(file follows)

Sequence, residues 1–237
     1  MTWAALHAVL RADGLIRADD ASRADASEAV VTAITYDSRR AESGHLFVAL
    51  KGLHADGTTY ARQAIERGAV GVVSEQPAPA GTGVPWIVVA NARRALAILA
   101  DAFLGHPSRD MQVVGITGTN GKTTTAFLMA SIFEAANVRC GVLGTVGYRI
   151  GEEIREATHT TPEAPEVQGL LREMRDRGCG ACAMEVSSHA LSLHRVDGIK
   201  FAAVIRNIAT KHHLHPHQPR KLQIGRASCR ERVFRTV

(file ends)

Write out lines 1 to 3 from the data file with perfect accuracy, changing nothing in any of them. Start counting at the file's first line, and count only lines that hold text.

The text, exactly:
Sequence, residues 1–237
     1  MTWAALHAVL RADGLIRADD ASRADASEAV VTAITYDSRR AESGHLFVAL
    51  KGLHADGTTY ARQAIERGAV GVVSEQPAPA GTGVPWIVVA NARRALAILA